Mobility Portal, Spain
Date: May 28, 2024
Inés Platini
By Inés Platini

V2G, V2B, or V2H? gridX predicts the dominant force in bidirectional charging

The company unveils its prediction at the International Mobility Portal Summit, an event organised by Mobility Portal Europe. Simultaneously, it previews the solutions gridX offers to enhance fleet management charging.
gridX-Mobility Portal Europe

According to gridX, the company behind the world’s most advanced platform for developing impactful and leading digital energy management solutions, the first to gain traction will be vehicle-to-home (V2H) charging.

Hannes Schifferegger, gridX’s Account Executive.

“Although costly and requiring significant customisation, it will be the first to enter the vehicle-to-grid (V2G) sector,” states Hannes Schifferegger, the company’s Account Executive.

Within the framework of the International Mobility Portal Summit, organised by Mobility Portal Europe, the expert adds:

“We know that there is some time needed until the car manufacturers and the legislation is ready to offer such a service, but we see that initial tests, especially in the residential sector, are being conducted by some of our partners.”

This technology allows extracting electricity from electric vehicles (EVs) and returning it to the home to power other devices, reducing peak energy demands or taking advantage of variable grid prices.

By offering this service, car manufacturers are able to add an additional value stream to their business, car owners profit from the revenue generated through it, for example, wholesale market or ancillary services, it reduces the need for grid connection extension, and helps to stabilize the grid in the short term.

“As we know, legislation is not favouring such setups, as there is the need to pay grid fees”, the company states.

It is ideal for addressing one of the current issues facing European countries: network congestion, a challenge partly attributable to the growing power demand from EVs.

Although its feasibility has been demonstrated for some time, only now are the first cars with V2G and V2H capabilities coming to market. 

Among these, Volkswagen and BMW stand out in Germany.

It is important to note that this solution involves various components, including vehicle-to-everything (V2X), vehicle-to-grid (V2G), vehicle-to-building (V2B), vehicle-to-load (V2L), and vehicle-to-home (V2H).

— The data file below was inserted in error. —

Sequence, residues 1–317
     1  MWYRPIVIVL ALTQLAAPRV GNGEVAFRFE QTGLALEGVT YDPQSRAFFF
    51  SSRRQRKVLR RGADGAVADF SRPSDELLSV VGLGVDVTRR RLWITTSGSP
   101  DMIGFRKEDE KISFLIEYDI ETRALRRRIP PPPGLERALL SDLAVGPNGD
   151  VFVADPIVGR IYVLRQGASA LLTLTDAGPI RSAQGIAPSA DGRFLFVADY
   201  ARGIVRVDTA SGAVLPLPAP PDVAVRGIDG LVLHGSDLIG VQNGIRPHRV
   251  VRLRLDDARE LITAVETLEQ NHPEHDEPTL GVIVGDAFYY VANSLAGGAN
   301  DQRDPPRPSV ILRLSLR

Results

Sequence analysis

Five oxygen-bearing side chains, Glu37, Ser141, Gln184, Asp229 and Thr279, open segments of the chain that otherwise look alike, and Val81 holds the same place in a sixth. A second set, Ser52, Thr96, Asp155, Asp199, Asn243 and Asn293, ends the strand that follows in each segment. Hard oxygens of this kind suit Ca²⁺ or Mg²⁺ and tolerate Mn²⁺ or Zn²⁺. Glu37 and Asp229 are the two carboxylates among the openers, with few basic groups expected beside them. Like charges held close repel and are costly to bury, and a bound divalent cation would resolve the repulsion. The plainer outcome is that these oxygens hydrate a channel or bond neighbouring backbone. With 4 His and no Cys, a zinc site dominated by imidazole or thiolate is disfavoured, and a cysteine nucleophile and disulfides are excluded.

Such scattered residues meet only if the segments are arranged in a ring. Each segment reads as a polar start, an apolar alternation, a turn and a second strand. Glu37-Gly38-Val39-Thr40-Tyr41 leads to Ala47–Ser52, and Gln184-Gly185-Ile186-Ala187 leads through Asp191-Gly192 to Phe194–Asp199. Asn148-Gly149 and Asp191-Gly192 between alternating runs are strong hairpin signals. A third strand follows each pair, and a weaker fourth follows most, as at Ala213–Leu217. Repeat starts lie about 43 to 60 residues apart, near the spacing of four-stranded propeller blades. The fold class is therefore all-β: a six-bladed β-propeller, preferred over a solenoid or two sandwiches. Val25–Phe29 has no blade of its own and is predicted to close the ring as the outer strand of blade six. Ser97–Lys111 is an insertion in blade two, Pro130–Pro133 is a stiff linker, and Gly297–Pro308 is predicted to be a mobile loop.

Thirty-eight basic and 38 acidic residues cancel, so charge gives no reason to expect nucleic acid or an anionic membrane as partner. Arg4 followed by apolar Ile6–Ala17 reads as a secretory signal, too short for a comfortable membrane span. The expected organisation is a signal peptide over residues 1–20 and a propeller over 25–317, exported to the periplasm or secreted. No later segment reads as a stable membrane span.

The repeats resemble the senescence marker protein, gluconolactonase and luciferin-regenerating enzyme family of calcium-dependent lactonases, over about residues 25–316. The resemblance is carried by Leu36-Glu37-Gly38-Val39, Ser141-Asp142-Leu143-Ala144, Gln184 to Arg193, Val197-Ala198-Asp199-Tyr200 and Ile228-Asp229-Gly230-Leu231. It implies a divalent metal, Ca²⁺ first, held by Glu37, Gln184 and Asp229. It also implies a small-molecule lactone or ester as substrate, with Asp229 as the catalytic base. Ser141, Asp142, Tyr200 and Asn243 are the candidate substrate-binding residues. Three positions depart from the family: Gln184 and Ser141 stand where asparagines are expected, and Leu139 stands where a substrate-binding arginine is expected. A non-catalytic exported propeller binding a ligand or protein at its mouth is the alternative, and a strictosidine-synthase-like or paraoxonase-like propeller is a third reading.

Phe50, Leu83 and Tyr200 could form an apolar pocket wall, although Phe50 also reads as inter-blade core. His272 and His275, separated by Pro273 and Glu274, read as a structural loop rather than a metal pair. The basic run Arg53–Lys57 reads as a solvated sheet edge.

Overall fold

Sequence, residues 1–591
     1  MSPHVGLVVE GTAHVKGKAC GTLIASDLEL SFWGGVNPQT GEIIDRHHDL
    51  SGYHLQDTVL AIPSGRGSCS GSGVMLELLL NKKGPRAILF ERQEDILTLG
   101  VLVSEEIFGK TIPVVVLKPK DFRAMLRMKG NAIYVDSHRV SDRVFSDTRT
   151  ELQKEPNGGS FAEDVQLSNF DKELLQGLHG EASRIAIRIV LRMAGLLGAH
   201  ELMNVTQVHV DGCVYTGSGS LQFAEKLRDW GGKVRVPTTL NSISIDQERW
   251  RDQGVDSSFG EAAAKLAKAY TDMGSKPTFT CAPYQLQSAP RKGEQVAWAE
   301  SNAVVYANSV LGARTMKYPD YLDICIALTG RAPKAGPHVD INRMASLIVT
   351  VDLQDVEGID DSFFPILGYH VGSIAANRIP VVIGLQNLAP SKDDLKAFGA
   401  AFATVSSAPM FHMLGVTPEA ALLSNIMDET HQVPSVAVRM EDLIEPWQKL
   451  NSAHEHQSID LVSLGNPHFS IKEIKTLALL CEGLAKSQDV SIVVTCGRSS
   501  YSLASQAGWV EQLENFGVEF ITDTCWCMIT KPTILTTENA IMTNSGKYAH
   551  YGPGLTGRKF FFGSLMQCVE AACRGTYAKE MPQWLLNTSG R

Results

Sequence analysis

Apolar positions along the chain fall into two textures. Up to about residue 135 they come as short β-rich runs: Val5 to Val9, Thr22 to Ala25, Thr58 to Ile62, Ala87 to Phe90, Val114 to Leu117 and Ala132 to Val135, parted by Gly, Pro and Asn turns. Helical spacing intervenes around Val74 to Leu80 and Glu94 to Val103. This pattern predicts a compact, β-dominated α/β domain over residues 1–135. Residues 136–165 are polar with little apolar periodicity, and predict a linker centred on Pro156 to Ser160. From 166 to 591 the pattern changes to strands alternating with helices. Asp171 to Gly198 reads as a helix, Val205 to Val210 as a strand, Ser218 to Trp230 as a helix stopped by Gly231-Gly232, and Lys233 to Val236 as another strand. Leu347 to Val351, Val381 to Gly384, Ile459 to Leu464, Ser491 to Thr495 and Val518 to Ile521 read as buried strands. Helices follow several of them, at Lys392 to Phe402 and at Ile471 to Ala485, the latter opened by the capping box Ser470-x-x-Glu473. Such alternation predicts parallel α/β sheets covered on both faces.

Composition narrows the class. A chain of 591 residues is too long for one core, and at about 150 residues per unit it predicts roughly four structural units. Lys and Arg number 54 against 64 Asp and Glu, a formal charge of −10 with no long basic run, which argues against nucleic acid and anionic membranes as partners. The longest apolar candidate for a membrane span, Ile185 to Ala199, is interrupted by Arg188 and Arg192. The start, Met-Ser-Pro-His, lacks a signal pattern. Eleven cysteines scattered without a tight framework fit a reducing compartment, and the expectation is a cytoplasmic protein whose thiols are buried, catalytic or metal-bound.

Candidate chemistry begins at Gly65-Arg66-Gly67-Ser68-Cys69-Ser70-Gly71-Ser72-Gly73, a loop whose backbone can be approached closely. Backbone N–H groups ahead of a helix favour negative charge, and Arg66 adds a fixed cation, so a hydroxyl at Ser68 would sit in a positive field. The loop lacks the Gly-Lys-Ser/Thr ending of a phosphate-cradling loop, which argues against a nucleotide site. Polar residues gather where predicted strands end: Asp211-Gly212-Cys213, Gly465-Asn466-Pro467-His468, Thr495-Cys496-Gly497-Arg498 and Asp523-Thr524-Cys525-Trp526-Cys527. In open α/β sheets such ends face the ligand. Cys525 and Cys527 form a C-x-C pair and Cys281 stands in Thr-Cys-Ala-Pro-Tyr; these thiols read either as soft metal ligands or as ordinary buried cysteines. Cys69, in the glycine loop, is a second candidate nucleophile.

“It will be coming and staying in the energy sector for sure,” Schifferegger asserts.

The Account Executive ensures that their partners are considering incorporating V2G, but for fleets, it is more complex.

Therefore, having a standardised interface between, for example (e.g.), a fleet management tool and an energy management system is crucial.

Through this interface, a greater number of parameters can be obtained that are necessary for calculating the actual flexibility within the vehicle/fleet, which could be negotiated in various flexibility markets.

“Using this tool first for basic cost savings and then advancing towards V2G is the logic that we see, which could also impact the attraction of electrifying fleets,” he highlights.

In this context, gridX offers XENON, a system that connects, monitors, and controls distributed energy resources (DER), from wall boxes to batteries and inverters locally.

This product is ideal, for instance, in addition to a fleet management tool to lower the Total Cost of Ownership (TCO) of electric fleets even further.

gridX optimization charge point operator.

In what way?

For companies needing a place to “refuel” during peak demand periods, where simultaneous charging processes result in high load peaks, the site infrastructure is not adequately designed to handle them.

Uncontrolled charging could lead to grid overloads and restrict operations at certain locations.

However, by using gridX’s solution, companies can monitor and control chargers in real-time and ensure that the capacity at the connection point and in all sub-distributions is not exceeded, guaranteeing smooth site operation.

“Moreover, due to the vehicle charging curve the power drawn by each EV differs over time, so a dynamic load balancing system (DLM) prevents unnecessary reductions in charging processes,” Schifferegger elaborates.

”In addition to that, gridX technology ensures customers to always obey to local legislation, like e.g. §14a of EnWG in Germany, keeping comfort and cost savings on a maximum.”

What is gridX’s experience in connecting a fleet management tool with an energy management system?

The connection between these two is crucial, especially when discussing more specific use cases such as V2G and V2X, and to always ensure the scalability of these solutions, with the aim of lowering the TCO of electrical fleets,” he explains.

Since companies might have many sites they wish to equip, a standardised interface between a fleet management tool and an energy management system is essential.

This will facilitate a smooth exchange of the necessary information to calculate their revenue streams, determine optimal charging times, among other aspects.

According to the gridX representative, without a standard interface, adopting a product becomes even more complex than it already is.

“This is because each company has its own requirements, each country differs, and there are various regulations and route-level penalties,” states Schifferegger.

“We understand that without this connection, it is impossible to launch more complex use cases, so the model for such an interface between these tools needs to be as standardised as possible,” he concludes.

Revisit gridX’s presentation at the International Mobility Portal Summit:

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